Elven ranger Adilisia was last with the party in the Halls of Madness, where she drew The Void from the Deck of Many Things. Her body continued to function, but her mind was elsewhere; in essence she fell into a coma and is unable to be roused. With Harold’s absence from the group, the party placed a Ring of Sustenance on her finger, returned her to the Pokeball, and moved on.
Adilisia has been placed in temporal stasis by a phane, an abomination from the Dawn War. Abominations were weapons created by the gods and the primordials to destroy their enemies, and at the war’s conclusion were locked away in the astral prison plane of Carceri. Created by Pelor, the god of the sun and the calendar, a phane has a measure of power over the flow of time. This one is leaching Adilisia’s life to empower itself, and once her consciousness has been annihilated, it intends to release more abominations from Carceri.
Adilisia is slowly losing her past, being drained of her experience and regressing in her mental aging. She is at early childhood now and unless the phane is stopped she will pass the point of un-birth and be lost forever to the void. Divination magic, bringing Adilisia to Pelor, or consulting a library of astral lore would reveal the nature of her condition and direct them to consult a dreamwalker.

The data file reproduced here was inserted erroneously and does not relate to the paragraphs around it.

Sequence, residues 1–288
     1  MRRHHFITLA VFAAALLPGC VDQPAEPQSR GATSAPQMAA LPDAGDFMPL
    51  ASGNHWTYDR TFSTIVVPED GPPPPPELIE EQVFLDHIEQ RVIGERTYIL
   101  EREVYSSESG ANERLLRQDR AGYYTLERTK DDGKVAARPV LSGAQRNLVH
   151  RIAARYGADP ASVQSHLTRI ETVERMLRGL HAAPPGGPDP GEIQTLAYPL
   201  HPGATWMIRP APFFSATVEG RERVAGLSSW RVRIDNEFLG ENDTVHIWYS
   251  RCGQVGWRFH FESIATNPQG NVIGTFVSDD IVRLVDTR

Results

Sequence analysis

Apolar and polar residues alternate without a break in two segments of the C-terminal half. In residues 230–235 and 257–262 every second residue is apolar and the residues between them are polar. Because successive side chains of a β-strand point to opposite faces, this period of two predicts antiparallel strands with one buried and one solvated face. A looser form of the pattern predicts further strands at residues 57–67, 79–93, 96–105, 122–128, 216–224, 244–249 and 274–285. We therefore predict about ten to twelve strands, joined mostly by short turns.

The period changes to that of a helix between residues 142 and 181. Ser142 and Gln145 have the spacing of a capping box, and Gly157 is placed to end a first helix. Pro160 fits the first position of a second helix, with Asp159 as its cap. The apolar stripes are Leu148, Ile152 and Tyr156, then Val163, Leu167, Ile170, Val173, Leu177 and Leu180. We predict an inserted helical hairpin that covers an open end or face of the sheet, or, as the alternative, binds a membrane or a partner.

Further investigation leads the party to Gannayev-of-Dreams, a bishonen hagspawn spirit shaman who dwells in the astral dominion of Arvandor and whiles away his time wandering through the dreams of the exalted here. Tall and ruggedly handsome, Gann wears a sarcastic half-smile and affects an air of casual indifference. His skin has a faintly blue or violet cast, a legacy of the night hag who was his mother. Unlike other hagspawn – men born of a human father and a hag mother – Gann’s face is neither brutish nor ill-favored, but the exalted of Arvandor still treat him with a good deal of suspicion. Gann has a seductive, dry wit and enjoys sparring intellectually with men and flirting with women. He respects those who can keep him entertained and turns each insult around into a compliment. He is vain and conceited, and sees no ill in entering the dreams of sleepers since deep down "they know what they want, and I can give it to them.”
The party convinces Gann to guide them on a dreamwalk and enter Adilisia’s sleeping mind on the Plane of Dreams. (This would be Harold’s adventure, played on a Candyland game board, as she has mentally regressed to early childhood.) At the end of the adventure they force the Phane out of her subconscious and it manifests in Arvandor, where they do battle.